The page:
Polar ice cap
Sea ice in the Arctic has failed to re-form for the second consecutive winter, raising fears that global warming may have tipped the polar regions in to irreversible climate change far sooner than predicted.I wanted to check out the data for myself (not trusting the spin of headline writers), and I found the absolutely incredible website The Cryosphere Today at the University of Illinois at Urbana-Champaign. They already made all the graphs I needed, and have animated GIFS of the icecaps to boot.
Satellite measurements of the area of the Arctic covered by sea ice show that for every month this winter, the ice failed to return even to its long-term average rate of decline. It is the second consecutive winter that the sea ice has not managed to re-form enough to compensate for the unprecedented melting seen during the past few summers.
You can see that the summer (green) line has been heading pretty steadily down since the middle of the last century. However, the trend in the winter (blue) line only started clearly down in the 1970s, and experienced a bit of a reprieve in the late 1990s (for reasons I don't know). It is really the apparent rapid end of that reprieve since 2000 that the Independent is highlighting.
You can also pretty clearly see why folks think the Arctic will be ice free in the summer by the end of the 21st century or so. If you go down from 12 to 8 from 1950 to 2000 in more-or-less a straight line, you'd hit zero in about 2100.
This obviously is behind the major warming of the Arctic - as the Independent puts it:
Scientists are now convinced that Arctic sea ice is showing signs of both a winter and a summer decline that could indicate a major acceleration in its long-term rate of disappearance. The greatest fear is that an environmental "positive feedback" has kicked in, where global warming melts ice which in itself causes the seas to warm still further as more sunlight is absorbed by a dark ocean rather than being reflected by white ice.Well, this positive feedback would have been operating ever since the ice started shrinking around 1950. So far, it hasn't succeeded in bending the summer trend away from its rough straight line, so it's not clear there's really any evidence of some new threshold being crossed. It's also worth noticing that winter ice cover is almost completely irrelevant to the albedo feedback since the Arctic gets no sunshine in the winter. However, in high summer the Arctic gets nearly the same insolation as the tropics (the lower angle in the sky is largely offset by getting 24 hours of insolation instead of 12). So summer ice cover is extremely relevant to the Arctic heat budget.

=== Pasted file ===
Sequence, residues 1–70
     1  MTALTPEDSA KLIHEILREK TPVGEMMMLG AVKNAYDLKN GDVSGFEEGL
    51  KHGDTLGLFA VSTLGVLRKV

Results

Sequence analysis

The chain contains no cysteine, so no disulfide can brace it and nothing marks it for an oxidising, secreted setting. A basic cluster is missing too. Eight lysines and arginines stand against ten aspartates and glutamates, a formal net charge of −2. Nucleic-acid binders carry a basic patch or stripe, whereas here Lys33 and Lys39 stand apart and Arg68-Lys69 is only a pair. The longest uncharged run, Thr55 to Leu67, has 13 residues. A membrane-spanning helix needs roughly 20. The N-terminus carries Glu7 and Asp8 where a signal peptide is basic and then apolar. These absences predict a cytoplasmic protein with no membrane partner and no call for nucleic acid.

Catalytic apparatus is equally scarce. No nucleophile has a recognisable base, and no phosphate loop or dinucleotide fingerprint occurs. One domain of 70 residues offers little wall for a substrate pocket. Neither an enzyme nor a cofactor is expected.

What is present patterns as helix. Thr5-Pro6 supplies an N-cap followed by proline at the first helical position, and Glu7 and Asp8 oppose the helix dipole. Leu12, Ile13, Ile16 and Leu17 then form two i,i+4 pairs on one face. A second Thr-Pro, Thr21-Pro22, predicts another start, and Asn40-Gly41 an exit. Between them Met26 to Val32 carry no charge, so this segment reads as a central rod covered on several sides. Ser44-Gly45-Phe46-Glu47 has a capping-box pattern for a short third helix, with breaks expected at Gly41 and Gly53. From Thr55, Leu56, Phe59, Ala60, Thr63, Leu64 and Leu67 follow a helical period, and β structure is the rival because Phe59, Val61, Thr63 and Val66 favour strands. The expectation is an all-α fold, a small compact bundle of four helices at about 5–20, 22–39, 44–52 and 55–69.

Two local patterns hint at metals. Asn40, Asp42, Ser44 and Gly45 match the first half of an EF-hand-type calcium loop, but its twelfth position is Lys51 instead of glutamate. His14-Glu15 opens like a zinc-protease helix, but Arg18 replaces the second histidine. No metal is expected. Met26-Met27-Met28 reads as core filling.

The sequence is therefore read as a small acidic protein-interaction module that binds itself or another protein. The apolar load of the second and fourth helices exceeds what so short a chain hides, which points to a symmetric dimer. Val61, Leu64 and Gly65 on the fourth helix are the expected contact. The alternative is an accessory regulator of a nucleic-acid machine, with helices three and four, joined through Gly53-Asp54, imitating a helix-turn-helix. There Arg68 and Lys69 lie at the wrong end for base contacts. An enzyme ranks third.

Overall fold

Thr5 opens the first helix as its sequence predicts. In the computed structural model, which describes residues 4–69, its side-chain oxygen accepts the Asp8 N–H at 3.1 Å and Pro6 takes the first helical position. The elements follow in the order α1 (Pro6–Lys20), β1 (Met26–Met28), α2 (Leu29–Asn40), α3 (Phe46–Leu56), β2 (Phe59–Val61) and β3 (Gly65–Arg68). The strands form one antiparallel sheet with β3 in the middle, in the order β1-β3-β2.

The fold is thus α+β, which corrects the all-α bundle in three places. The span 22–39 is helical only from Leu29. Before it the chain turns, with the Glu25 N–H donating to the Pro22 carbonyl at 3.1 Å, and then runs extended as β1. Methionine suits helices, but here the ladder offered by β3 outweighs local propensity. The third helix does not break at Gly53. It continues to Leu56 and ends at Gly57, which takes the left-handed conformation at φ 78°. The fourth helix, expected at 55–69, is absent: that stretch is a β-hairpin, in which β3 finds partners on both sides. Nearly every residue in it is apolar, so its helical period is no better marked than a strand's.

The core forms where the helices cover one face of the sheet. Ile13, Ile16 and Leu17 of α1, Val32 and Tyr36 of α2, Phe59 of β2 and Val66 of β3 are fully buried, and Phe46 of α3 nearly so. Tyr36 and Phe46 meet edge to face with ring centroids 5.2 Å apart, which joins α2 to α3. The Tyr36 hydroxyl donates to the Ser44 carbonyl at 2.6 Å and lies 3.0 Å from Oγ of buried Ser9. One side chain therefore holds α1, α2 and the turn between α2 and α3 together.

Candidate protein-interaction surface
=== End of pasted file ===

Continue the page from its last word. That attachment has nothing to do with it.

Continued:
All in all, I don't see any evidence here for the Independent's sudden crossing of some threshold of irreversibility. Rather, just the linear continuation of what is certainly a very worrying trend. Overall this can't be good for Greenland and sea level.
One thing that does seem a little more solid in the Independent's story is this:
Professor Peter Wadhams, of Cambridge University, who was the first Briton to monitor Arctic sea ice from nuclear submarines, said: "One of the big changes this winter is that a large area of the Barents Sea has remained ice-free for the first time. This is part of Europe's 'back yard'. Climate models did predict a retreat of sea ice in the Barents Sea but not for a few decades yet, so it is a sign that the changes that were predicted are indeed happening, but much faster than predicted."Sure enough that does look like a pretty big anomaly:
Here's the situation across the Arctic right now:
Sure does seem like as the thin ribbons of sea ice down either side of Greenland retreat, it can't possibly help the stability of the glacier ends.